Larry H. Brace, 76, NASA astrophysicist

September 01, 2005|By Jacques Kelly | Jacques Kelly,SUN STAFF

Larry H. Brace, a Goddard Space Flight Center physicist who worked on satellite exploration of the planets, died of an aneurysm Sunday at St. Agnes HeathCare. The Charlestown Retirement Community resident was 76.

He was born in Saginaw, Mich., and he served in the Navy during the Korean War.

He earned a Bachelor of Science degree in physics from the University of Michigan at Ann Arbor and did graduate work in physics, mathematics and astronomy.

During his long career in space exploration, he published papers and contributed to books on planetary ionospheres and techniques for measuring them.

For 30 years, he was an astrophysicist for the National Aeronautics and Space Administration's Goddard center in Greenbelt and also led its planetary atmospheres branch.

He was a member of the science teams for the Atmosphere Explorers and Dynamics Explorers satellites. He was also involved with the 1978 Pioneer Venus Orbiter mission.

"He was logical and organized. He thought things through," said his daughter, Suzanne M. Caulfield of Glenwood. "When he was putting a nail in a wall, he measured it from top to bottom and brought out a level. He would take 20 minutes to take what could have taken seven seconds. But when he was finished, it was perfect."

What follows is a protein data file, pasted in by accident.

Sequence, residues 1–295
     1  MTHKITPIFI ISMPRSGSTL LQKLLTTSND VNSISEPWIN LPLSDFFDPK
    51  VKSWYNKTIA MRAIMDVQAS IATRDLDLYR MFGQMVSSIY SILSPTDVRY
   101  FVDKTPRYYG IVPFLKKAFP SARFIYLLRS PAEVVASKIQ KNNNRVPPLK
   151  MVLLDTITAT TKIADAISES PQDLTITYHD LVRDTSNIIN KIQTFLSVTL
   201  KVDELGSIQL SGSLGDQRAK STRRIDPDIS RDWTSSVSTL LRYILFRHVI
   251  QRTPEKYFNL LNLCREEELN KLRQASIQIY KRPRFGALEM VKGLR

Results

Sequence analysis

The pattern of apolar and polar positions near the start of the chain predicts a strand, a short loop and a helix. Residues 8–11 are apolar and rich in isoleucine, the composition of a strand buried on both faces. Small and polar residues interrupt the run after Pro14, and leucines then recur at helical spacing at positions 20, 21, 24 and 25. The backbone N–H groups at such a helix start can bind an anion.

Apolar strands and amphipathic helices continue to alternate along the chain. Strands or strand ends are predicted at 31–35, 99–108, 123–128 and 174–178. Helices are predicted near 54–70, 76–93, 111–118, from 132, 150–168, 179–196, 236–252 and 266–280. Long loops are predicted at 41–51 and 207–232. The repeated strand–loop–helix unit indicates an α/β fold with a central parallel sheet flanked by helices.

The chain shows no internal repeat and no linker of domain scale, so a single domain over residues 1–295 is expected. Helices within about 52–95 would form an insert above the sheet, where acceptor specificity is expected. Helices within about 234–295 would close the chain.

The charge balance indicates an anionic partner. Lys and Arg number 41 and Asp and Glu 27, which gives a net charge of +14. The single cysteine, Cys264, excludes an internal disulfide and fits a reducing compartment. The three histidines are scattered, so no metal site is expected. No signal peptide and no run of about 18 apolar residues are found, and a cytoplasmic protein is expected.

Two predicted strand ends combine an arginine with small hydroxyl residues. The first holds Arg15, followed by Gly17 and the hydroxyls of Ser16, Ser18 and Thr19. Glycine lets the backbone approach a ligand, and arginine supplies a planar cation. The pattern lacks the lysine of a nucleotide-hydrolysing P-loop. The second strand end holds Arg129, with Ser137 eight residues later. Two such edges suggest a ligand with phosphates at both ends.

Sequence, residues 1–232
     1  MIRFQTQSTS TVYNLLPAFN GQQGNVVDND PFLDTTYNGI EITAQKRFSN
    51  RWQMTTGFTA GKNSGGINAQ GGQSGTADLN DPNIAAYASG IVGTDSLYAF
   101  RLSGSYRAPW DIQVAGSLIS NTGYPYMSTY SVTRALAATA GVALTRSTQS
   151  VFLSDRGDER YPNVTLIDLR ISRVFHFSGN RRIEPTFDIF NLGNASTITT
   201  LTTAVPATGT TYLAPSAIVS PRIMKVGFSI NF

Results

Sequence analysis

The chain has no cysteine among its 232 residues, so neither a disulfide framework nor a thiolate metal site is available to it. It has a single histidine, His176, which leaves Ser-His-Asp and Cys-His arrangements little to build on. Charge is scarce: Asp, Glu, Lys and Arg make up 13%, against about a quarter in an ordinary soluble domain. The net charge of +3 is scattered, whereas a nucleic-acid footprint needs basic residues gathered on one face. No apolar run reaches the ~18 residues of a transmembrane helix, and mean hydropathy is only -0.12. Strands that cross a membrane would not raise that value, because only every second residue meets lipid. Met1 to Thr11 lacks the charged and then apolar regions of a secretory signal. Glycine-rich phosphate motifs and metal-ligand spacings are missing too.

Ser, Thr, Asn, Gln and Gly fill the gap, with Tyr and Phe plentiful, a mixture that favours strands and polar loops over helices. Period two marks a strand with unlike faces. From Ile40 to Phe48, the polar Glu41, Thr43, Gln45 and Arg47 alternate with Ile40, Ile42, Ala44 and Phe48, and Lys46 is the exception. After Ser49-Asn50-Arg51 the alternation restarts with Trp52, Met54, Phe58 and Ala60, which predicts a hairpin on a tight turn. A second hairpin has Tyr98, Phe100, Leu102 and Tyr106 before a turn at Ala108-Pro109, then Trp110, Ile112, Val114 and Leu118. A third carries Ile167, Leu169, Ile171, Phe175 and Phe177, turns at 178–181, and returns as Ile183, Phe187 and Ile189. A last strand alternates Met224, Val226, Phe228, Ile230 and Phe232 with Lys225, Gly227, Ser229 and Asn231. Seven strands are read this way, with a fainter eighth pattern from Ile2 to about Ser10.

Mr. Brace was the principal investigator on 15 satellite experiments to study the ionospheres of Earth and Venus. He was given Goddard's Exceptional Performance Award in 1972 and the NASA Medal for Exceptional Scientific Achievements in 1980.

He retired from government service in 1990 and joined the research faculty at the University of Michigan's Space Physics Research Laboratory, also at Goddard. Though he subsequently retired from the university, Mr. Brace at his death had been preparing to serve as a consultant to it for a satellite mission to Mars.

The former Edgewater resident was a five-term president of the Edgewater Beach Citizens Association in the 1960s and 1970s, and vice president of the Federation of South River Associations in the 1980s.

Mr. Brace enjoyed reading works of political philosophy. He also traveled, attended musical theater and walked Patapsco Valley State Park trails.

Services are private.

In addition to his daughter, survivors include his wife of 52 years, the former Patricia Ann Phillips; two sons, Keith A. Brace of Chase and Karl S. Brace of Acton, Mass.; a brother, Douglas A. Brace of Cold Spring, Texas; and five grandchildren.

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